WASHINGTON (Reuters) - Two Senate Democrats want to force U.S. companies to pay an exit tax on any profits held overseas if the companies decide to reincorporate abroad to cut their tax bills, the latest in a slew of proposals to stem such “inversion” deals.
Senators Sherrod Brown and Dick Durbin on Friday released details of a bill that would require foreign earnings that have not been repatriated, or brought into the United States, to be taxed as income at the point when a U.S. company inverts.
Democratic lawmakers want to take immediate steps to slow or stop a wave of inversions that threaten to undermine the U.S. corporate tax base. In these deals, a U.S. company typically buys a foreign rival, then locates the tax domicile of the combined entities abroad to escape higher U.S. taxes.
“Everyone knows that before you leave a restaurant you have to settle your tab,” Brown, of Ohio, said in a statement. “Corporations shouldn’t get to play by different rules.”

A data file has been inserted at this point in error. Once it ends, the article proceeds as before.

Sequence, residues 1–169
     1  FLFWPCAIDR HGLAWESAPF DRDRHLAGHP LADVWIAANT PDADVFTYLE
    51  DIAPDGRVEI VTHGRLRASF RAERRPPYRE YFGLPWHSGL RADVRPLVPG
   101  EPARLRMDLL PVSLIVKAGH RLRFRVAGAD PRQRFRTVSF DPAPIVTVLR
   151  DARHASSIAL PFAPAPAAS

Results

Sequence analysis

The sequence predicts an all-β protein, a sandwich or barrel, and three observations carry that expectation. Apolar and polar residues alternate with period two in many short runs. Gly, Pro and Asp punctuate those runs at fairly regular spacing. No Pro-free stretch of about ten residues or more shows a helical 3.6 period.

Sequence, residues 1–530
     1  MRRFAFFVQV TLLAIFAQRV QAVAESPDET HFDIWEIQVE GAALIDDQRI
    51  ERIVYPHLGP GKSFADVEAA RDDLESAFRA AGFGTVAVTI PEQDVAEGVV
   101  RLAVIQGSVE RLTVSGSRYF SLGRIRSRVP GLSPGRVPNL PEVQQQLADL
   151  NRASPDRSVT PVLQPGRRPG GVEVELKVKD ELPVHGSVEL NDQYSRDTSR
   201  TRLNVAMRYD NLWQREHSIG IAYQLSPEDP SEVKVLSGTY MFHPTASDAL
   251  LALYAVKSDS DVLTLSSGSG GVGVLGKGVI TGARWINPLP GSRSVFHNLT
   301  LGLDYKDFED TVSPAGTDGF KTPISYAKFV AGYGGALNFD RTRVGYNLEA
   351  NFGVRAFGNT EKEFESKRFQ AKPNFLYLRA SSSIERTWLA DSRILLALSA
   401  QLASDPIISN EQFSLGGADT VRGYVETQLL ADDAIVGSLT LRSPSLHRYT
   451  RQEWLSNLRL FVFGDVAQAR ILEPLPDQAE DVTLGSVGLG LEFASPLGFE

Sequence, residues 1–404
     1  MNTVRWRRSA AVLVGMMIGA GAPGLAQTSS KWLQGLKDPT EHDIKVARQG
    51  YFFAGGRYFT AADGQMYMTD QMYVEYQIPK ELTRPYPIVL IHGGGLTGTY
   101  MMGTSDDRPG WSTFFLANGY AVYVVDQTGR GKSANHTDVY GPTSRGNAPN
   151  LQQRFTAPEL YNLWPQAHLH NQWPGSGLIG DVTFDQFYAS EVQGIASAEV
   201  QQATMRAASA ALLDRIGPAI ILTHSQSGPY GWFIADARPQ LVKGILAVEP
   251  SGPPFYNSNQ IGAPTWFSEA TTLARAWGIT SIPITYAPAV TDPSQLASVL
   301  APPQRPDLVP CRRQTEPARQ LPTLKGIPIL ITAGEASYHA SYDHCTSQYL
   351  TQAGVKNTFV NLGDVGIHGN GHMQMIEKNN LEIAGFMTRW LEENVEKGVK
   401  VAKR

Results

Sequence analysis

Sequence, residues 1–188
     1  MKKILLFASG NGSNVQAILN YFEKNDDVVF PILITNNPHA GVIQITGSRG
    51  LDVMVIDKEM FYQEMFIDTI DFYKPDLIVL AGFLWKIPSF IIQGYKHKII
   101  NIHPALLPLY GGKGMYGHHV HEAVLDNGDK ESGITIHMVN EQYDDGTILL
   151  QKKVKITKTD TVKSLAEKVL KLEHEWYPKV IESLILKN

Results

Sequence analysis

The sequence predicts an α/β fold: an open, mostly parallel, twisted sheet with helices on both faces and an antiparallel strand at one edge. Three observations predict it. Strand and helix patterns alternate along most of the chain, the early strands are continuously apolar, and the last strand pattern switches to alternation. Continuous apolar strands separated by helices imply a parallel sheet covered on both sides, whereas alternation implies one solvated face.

He previously called for consumers to steer clear of Burger King Worldwide BKW.N after it said it would move its tax base to Canada as part of a deal to buy coffee-and-donut chain Tim Hortons THI.TO. Brown said hamburger customers should instead frequent Wendy’s (WEN.O) or White Castle, both based in Ohio.
Businesses say the inversion deals help them pay the least taxes possible, which investors expect. They also say U.S. taxes are inordinately high compared with rates in many other countries, particularly for profits earned overseas.
Republicans want to address the problem through broad corporate tax reform that lowers rates. But many Democrats want to act sooner. Proposals range from making it more difficult to invert to blocking certain tactics foreign companies use to reduce U.S. taxes.
Foreign profits earned by U.S.-based companies are not taxed in the United States until they are repatriated, so many companies hold cash and invest overseas to avoid those taxes.
Lawmakers have bemoaned this trend, which they say “traps” cash abroad. Brown’s plan gets at both issues by taxing those foreign earnings when a company inverts.
Citizens for Tax Justice, a lobby group that has floated a similar idea, said individuals pay an “exit” tax on unrealized capital gains if they renounce their U.S. citizenship.
The inversion plan is similar and would remove a “significant incentive” for companies to move abroad, the group argued in a paper earlier this month.
Reporting by Emily Stephenson; Editing by Kevin Drawbaugh and Dan Grebler